A Front-Row Seat with the Sportswriters Who Sat There
Sit down with host Todd Jones and other sportswriters who knew the greatest athletes and coaches, and experienced first-hand some of the biggest sports moments in the past 50 years. They’ll share stories behind the stories -- some they’ve only told to each other.
Jerry Izenberg part 2: “The Most Dramatic Thing I’ve Ever Seen . . . ”
Jerry Izenberg earned his first newspaper paycheck in 1951, and he’s still writing as columnist emeritus at The Star-Ledger in Newark, New Jersey. “It has been an active life,” he says. Active? Try one of the most amazing careers in sports journalism. We’re lucky to hear from Jerry in this second of a two-part episode about his 70 years in the business. Part 1 was all about Muhammad Ali. Jerry told tales from covering more of his fights than anyone. In this second episode, we hear how Jerry became a sports columnist, and how he learned from Red Smith and Jimmy Cannon. He tells us about the first Super Bowl and Pete Rozelle. Hear about Mike Tyson crying on Jerry’s chest, and about the magnificent Pele’s message to the crowd after his final soccer match. You’ll laugh about the pigeons at Jerry’s first boxing title match and smile about how a horse from Venezuela captured his heart. And you’ll learn about the fortitude of Larry Doby, the baseball Hall of Famer who broke the American League color barrier and later developed a special relationship with Jerry.
Everything about Jerry is indeed special. He is one of only two sportswriters to cover the first 53 Super Bowls, from 1967 to 2019. He also covered 55 consecutive Kentucky Derbies, as well as five Triple Crown winners. Jerry covered more than 40 World Series, nearly 30 NBA Finals, countless golf majors, and sporting events in 10 countries. He has been inducted into 16 Halls of Fame, including the National Sportscasters and Sportswriters Hall of Fame, the Boxing Hall of Fame, the Sports Hall of Fame of New Jersey, and the New Jersey State Literary Hall of Fame. In 2000, Jerry received the Associated Press Red Smith Award for Lifetime Achievement, which is awarded for outstanding contributions to sports journalism. Among his many other honors are the Kentucky Derby Julep Cup for best Derby coverage, the Nat Fleischer award for Excellence in Boxing Journalism, and the 2010 Humanitarian Awards from the American Conference on Diversity and the Award of Excellence from the Thurgood Marshall College Scholarship Fund.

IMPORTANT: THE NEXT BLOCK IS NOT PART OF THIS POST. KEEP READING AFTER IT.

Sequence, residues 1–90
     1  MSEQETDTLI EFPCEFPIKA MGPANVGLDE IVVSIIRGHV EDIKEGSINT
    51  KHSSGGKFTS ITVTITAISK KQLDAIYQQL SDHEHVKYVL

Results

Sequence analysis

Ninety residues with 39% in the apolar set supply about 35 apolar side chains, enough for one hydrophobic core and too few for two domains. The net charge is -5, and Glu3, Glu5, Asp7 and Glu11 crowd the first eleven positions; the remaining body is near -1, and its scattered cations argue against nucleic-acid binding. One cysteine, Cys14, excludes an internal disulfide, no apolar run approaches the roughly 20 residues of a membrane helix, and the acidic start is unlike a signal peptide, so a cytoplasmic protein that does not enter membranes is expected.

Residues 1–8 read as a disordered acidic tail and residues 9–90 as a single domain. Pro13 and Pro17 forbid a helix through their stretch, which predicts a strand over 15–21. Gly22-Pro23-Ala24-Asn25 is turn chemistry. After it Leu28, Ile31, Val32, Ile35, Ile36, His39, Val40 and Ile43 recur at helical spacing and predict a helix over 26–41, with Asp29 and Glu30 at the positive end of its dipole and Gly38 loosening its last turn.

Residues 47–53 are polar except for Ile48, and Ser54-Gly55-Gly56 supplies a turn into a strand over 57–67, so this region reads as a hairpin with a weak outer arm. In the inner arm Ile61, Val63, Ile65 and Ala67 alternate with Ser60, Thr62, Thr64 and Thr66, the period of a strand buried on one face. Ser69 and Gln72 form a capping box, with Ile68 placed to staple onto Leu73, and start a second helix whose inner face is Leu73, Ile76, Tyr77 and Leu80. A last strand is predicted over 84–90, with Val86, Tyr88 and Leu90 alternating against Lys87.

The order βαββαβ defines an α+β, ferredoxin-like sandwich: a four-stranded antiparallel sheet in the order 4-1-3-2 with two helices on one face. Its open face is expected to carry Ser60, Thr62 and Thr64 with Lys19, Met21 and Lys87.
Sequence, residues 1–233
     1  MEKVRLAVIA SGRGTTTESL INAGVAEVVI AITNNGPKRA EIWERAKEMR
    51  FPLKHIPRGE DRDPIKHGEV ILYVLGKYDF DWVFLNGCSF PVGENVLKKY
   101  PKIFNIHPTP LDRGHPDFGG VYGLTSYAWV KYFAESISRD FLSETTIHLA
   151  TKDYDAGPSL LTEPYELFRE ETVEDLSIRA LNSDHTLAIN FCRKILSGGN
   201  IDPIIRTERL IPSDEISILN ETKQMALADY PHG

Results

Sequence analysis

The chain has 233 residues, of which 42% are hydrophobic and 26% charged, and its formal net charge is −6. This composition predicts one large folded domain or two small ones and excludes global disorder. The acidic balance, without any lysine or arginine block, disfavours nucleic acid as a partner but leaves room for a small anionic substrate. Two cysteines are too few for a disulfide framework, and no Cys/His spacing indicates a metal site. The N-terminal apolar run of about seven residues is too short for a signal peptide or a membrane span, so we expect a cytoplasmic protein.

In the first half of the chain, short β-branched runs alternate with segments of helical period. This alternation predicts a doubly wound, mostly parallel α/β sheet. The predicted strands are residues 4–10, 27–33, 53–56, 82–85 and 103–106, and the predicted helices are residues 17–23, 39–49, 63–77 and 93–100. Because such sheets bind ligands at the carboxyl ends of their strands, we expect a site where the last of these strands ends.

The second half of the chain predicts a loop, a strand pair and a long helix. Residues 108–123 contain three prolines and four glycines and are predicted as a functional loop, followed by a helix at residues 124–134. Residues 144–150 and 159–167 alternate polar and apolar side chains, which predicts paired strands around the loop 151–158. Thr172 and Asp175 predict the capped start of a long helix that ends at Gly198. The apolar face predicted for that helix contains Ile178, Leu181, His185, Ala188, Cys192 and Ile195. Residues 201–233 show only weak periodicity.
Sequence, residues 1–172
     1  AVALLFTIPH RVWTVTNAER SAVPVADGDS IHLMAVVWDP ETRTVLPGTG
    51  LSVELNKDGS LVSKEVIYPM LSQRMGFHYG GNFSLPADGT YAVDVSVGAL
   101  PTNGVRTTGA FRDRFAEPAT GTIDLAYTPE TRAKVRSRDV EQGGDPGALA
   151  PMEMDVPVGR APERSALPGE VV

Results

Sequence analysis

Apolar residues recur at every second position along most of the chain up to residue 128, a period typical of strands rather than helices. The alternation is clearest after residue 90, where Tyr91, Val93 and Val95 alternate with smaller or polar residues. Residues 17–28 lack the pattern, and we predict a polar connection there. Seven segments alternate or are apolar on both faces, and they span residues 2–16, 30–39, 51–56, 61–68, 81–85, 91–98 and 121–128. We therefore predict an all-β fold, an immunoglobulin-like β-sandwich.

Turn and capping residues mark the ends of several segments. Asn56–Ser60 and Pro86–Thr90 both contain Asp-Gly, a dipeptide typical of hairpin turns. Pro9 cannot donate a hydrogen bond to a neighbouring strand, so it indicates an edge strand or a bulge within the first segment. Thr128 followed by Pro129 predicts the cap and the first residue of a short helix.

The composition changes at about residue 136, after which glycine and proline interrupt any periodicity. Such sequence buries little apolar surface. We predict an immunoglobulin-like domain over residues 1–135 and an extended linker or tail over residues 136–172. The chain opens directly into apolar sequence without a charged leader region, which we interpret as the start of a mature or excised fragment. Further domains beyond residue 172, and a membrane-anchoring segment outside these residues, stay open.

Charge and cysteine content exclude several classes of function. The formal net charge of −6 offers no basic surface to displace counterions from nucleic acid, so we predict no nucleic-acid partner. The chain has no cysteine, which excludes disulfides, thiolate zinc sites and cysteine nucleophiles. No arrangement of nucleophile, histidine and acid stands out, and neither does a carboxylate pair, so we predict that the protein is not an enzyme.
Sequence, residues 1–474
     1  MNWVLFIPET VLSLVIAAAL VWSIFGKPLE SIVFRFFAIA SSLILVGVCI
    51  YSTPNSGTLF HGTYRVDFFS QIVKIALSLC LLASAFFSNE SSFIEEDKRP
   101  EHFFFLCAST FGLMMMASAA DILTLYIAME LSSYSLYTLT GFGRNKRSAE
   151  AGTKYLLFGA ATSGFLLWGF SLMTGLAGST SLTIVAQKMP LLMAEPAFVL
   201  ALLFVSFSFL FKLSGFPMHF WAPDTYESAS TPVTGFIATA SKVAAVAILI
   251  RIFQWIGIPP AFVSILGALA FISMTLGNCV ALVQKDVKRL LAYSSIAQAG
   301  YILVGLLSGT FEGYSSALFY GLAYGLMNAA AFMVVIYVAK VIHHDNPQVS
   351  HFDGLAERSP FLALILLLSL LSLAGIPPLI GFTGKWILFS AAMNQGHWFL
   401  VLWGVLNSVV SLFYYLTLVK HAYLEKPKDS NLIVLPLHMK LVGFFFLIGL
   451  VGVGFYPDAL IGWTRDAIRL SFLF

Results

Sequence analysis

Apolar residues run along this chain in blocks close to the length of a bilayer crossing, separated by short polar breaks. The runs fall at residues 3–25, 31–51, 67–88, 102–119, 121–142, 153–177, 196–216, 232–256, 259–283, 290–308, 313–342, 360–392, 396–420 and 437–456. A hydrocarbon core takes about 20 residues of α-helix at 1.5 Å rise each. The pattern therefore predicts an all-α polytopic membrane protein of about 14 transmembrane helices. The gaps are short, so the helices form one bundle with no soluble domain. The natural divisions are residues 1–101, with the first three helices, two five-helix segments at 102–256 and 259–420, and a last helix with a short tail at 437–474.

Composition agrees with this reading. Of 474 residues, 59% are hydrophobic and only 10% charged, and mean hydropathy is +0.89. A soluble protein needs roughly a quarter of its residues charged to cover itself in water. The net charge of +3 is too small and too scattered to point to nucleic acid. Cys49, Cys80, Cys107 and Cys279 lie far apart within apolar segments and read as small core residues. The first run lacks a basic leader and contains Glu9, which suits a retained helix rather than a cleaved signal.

Jerry’s career in journalism began in 1951 at The Star-Ledger in his hometown of Newark, N.J.. He started as a copy boy making $6 a night while he was still a student at Rutgers University. Within two months, the paper made Jerry a writer. After serving in the Korean War, he became a sports reporter for the Patterson Evening News in New Jersey from 1954-57. Jerry then rejoined the Star-Ledger before moving to the New York Herald Tribune in 1959. He returned to the Star-Ledger in 1962 as the lead sports columnist and never left. His column is the longest continual running sports column in the Greater New York Area. Izenberg wrote five columns a week for more than 36 years before cutting back to four per week in 1999.
In addition to his newspaper career, Izenberg created the “Sports Extra” television show in the 1970s, which ran for eight years. He hosted the radio show “Sports with Jerry Izenberg” on the NBC network in the 1980s. He has been the writer, narrator or producer (sometimes all three) of 35 network television documentaries, one of which – “A Man Called Lombardi” – earned an Emmy nomination. Izenberg has also been a consultant for ESPN for several years. Izenberg is often seen on HBO and the BBC as well as heard on Irish Radio. He’s a prominent voice in Ken Burn’s four-part documentary film about Ali that premiered on PBS in September 2021.
Jerry has written hundreds of magazine pieces. He’s also authored 17 books. His best-seller “Once There Were Giants: The Golden Age of Heavyweight Boxing” was re-released in paperback in 2021 to coincide with the golden anniversary of Ali vs. Frazier I. In October 2020, he published his first novel at age 90, “After the Fire: Love and Hate in the Ashes of 1967” about an interracial love story between a Black girl and Italian boy set in the aftermath of the Newark Rebellion.
Although he retired from daily work at The Star-Ledger in 2006, Izenberg still writes for the paper and its website, nj.com, from his home in Henderson, Nev., near Las Vegas, where he lives with his wife, Aileen. Jerry graduated from Rutgers University in 1952 with a Bachelor of Arts degree and has been awarded honorary doctor of humane letters degree from two other universities.
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